Novaes’ career as a recording artist essentially came into its own with the advent of the LP, when she entered into a productive relationship with Vox in 1949. In 1962 she recorded one LP for American Decca—a Chopin, Liszt and Debussy recital, and two LPs for Vanguard in 1967 (one featuring Beethoven, the other Chopin). The small Fermata label released Novaes’ final LP, a disc devoted to favourite short works by Brazilian composers. Unlike her near-exact contemporaries Wilhelm Kempff and Walter Gieseking who recorded easily and prodigiously, Novaes appears not to have faced the microphone with comparable equanimity. She dismissed her Vox Chopin Nocturnes as ‘very bad’, and all-but admitted that she set down the G major Op 37 No 2 prima vista. Conversely, time limits and session costs held no interest to her in pursuit of the perfect take. Producer Ward Botsford once had difficulty getting Novaes to stop playing at the end of a session. Duke Ellington’s band was scheduled next in the studio. Novaes kept going, oblivious to everything. The bandleader arrived, watched for a few minutes, turned to the agonized producer and simply said, ‘Man, dig this crazy pianist!’ On the other hand, Novaes approved uninterrupted first takes of the entire Schumann Études symphoniques and Beethoven ‘Waldstein’ Sonata.

However, Novaes’ latter-day discography tends to overshadow her earlier 78-rpm output. In his book The Great Pianists, Harold Schonberg claims the fifteen acoustic RCA Victor selections recorded between 1919 and 1923 give a better idea of Novaes’ worth. The encore-length repertoire may be relatively insignificant, yet the pianism is anything but so. Huneker’s purple prose easily substantiates the pianist’s glittering, supple, direct and imaginative accounts of the two Liszt Concert études ‘Waldesrauschen’ and ‘Gnomenreigen’. Listen to how the former’s accompanying figurations manage to sound clear and disembodied at the same time, while the latter’s rapid repeated-note bass lines are as firmly delineated as those in Rachmaninov’s classic recording, yet somewhat lighter and more winged in effect. Her subjective approach to the Paderewski Nocturne arguably proves more animated and technically flexible than in the composer’s own recording. The sessions yielded Novaes’ first recording of the aforementioned Gottschalk Grande fantaisie, where the pianist’s youthful technique sizzles with a sense of unfettered joy and abandon that leaps out from the old grooves. She replicated this interpretive miracle in her sole RCA electrical session on 8 April 1927, a productive day that also yielded a delectably lilting Albéniz/Godowsky Tango and Godowsky’s transcription of Richard Strauss’ Ständchen.

Novaes made no further recordings until her association with the Columbia Recording Corporation between 1940 and 1947. The present release marks the first time that all of her published Columbia 78s have been reissued together, although several unpublished items from these sessions have previously been made available, including Chopin’s two mature sonatas.

Her first Columbia session took place on 29 March 1940, resulting in two Scarlatti sonatas plus short pieces by Couperin and Daquin that are exquisite examples of harpsichord fare filtered through a decidedly ‘old-school’ yet taste fully transparent modern-concert-grand orientation. The three selections from Book 1 of Villa-Lobos’ Prole do Bebê, along with further miniatures recorded in 1946, pay tribute to a close colleague, certainly in spirit, if not always to the letter. ‘Villa-Lobos was a dear friend’, Novaes told Alan Rich, ‘a wonderful man who did the most of anyone for the music of our country. I played many of his pieces, of course. Sometimes I even made changes in them, but if he noticed it, he never said a word.’

Novaes played Mozart’s music frequently yet selectively throughout her career. Her approach to the Rondo in A minor, K511, is here pianistically poised and brisk to the point of flippancy, at far remove from Artur Schnabel’s dramatic accentuations and harmonic underpinnings in his unforgettable 78-rpm version. One also might find her Chopin third Ballade relatively held back next to the heroism and surging climaxes of pianists as different as Cortot, Rubinstein and Friedman, but the Bach D major Toccata’s intimate contours and ravishing tonal refinement are ‘Golden Age’ worthy. Given Novaes’ reputation as a colourist, it comes as no surprise to encounter her effortless balancing of the multi-dimensional keyboard textures in ‘Evocación’ and ‘Triana’ from Albéniz’ Iberia suite. What we would give to hear Novaes in the ten remaining pieces, or, other Spanish impressionistic fare. ‘My dear husband told me that I should play the Granados Goyescas in public’, Novaes told Harold Schonberg, ‘but I don’t have time to prepare it. I am so busy at home.’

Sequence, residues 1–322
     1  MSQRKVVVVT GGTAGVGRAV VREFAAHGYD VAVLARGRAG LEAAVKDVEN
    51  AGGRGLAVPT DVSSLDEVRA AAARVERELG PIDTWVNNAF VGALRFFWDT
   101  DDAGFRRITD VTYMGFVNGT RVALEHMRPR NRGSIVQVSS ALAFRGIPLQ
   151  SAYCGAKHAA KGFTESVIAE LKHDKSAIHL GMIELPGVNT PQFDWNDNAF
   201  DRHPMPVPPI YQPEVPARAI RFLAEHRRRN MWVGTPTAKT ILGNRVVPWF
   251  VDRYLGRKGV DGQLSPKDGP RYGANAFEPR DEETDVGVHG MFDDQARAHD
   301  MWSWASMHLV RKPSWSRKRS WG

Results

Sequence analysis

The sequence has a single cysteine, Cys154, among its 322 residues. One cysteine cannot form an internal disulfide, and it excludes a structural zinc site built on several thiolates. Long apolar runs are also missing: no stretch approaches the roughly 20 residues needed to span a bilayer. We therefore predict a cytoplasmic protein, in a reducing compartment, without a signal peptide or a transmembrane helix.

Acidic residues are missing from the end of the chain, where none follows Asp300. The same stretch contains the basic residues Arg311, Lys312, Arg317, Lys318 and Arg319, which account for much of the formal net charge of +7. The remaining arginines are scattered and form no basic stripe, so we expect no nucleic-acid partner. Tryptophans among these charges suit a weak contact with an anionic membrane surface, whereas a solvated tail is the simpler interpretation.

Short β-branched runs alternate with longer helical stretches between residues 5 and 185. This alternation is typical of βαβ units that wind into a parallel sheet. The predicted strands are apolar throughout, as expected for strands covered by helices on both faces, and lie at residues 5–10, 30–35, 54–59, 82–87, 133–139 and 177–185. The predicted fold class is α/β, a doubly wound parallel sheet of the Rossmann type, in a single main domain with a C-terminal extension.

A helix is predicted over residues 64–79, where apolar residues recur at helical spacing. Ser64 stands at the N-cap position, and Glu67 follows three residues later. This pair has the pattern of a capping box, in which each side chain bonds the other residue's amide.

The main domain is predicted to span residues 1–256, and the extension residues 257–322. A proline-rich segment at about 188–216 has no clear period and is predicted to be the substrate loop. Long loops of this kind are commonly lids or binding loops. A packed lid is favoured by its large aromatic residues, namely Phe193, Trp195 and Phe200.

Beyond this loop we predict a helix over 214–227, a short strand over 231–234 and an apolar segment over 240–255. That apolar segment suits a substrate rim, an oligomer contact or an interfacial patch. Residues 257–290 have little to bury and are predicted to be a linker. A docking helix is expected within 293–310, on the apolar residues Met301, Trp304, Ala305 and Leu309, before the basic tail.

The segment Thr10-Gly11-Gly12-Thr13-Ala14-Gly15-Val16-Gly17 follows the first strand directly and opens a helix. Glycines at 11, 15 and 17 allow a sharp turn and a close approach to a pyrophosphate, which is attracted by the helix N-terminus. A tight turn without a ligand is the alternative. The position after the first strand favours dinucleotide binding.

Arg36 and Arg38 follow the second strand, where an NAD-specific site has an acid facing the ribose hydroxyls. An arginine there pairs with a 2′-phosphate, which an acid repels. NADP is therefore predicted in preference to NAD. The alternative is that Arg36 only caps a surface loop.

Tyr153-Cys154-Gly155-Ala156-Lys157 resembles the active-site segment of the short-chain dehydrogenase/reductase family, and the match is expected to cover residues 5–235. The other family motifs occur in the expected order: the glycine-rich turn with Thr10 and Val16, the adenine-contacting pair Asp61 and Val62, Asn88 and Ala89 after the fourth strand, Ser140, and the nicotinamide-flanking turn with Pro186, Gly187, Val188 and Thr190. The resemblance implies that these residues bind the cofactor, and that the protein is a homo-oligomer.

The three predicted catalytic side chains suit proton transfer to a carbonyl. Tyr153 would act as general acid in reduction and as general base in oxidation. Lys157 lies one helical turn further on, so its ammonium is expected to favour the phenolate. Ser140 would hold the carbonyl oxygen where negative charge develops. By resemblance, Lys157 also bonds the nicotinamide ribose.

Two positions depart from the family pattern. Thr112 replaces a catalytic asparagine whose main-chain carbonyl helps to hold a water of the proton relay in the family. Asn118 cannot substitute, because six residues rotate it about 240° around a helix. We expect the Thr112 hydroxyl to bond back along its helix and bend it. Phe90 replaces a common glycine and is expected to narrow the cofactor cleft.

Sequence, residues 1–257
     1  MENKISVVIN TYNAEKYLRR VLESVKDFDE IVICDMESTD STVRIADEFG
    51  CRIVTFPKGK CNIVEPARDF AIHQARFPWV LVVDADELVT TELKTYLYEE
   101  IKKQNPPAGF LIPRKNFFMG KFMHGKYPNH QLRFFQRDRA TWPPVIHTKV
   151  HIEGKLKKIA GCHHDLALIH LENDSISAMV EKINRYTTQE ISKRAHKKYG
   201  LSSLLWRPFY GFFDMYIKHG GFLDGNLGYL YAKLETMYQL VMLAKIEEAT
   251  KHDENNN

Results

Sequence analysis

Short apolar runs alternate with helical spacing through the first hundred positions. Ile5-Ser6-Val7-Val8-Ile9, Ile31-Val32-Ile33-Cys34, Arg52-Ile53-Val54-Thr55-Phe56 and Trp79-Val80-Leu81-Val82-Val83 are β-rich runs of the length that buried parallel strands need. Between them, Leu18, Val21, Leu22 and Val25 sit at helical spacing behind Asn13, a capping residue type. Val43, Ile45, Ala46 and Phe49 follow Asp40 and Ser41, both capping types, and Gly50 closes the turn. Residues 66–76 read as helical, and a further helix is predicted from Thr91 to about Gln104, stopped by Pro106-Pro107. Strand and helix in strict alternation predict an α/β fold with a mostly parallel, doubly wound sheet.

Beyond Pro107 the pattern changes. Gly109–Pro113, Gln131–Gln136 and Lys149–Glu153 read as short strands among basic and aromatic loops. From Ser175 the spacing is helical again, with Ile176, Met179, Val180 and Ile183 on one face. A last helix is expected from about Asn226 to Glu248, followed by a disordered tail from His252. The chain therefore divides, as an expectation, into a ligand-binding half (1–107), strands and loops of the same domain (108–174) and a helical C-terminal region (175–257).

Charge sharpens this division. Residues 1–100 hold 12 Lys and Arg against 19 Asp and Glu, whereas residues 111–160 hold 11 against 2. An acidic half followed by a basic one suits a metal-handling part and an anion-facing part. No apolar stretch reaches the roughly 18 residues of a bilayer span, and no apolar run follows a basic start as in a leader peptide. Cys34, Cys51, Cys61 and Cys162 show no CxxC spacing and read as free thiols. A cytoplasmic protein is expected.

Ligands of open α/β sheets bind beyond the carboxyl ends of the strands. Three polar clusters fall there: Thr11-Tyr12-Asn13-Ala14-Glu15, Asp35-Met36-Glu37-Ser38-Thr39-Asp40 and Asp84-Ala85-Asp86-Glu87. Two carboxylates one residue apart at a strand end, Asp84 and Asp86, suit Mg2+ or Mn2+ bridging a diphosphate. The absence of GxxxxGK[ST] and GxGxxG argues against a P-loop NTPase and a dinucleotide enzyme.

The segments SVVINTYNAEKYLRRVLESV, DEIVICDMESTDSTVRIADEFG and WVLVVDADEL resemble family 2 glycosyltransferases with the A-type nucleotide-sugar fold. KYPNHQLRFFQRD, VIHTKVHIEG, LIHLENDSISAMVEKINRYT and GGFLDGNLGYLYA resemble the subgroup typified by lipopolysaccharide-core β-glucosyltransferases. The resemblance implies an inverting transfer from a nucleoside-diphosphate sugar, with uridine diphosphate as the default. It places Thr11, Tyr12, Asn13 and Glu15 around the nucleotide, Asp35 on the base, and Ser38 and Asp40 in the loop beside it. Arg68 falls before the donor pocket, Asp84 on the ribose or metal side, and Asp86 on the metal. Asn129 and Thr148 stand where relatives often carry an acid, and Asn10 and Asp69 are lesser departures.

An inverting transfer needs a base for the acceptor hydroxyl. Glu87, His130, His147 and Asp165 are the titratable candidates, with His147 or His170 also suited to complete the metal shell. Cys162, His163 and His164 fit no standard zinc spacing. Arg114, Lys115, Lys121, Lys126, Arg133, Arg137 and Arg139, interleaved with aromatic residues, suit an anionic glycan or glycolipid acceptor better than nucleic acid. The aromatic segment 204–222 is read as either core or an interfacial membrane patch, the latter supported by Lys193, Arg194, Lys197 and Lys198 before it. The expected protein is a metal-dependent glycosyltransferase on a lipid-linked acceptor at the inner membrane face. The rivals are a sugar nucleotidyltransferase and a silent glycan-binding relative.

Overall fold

At least the pianist did prepare Saint-Saëns’ Caprice sur les airs de ballet from Gluck’s Alceste, a lengthy showpiece full of deceptively difficult and cruelly exposed passage work that leaves no room for the smallest smudge or imbalance. The long chains of trills are quite magical in Novaes’ hands, and give the impression that the piano has traded its hammers for both lungs and prodigious breath control. Pinto’s delightful Scenas infantis (‘Memories of Childhood’) stem from pieces that Novaes’ husband improvised while their two small children ran around in the garden. Novaes promised that if he wrote them down she would play them in New York. After one of the recitals, a representative from the publisher G Schirmer telephoned Novaes at her hotel. People had been calling, asking where they could get this music. Schirmer offered to publish the pieces. Pinto hesitated—after all, he was an architect, not a composer—but eventually gave in.

Far from the childlike melodies of the Pinto work is Guarnieri’s Toccata which was written for, and dedicated to, Novaes. It’s a fearsome study in double-notes, played much of the time very quietly as if to hide its virtuosity. Here we can only marvel at the effortlessness of Novaes’ technique in a work which was surely written to exploit her abilities to the full.

Although Novaes did not teach, she gave advice and support to younger colleagues, such as Nelson Freire, who once spent an afternoon playing each of the Chopin Preludes with Novaes, taking turns, without saying a word, as if the music itself was a form of speech and the piano keys represented instruments of the orchestra or characters in a theatre piece. Indeed, Novaes confirmed this in an interview for The Etude: ‘When I play I am always trying to make a drama or comedy with dialogue or monologue, as the case may be. When I appear before an audience, I may be vaguely conscious of the many faces before me, but the moment I begin to play, I lose myself entirely in my music.’

Jed Distler © 2014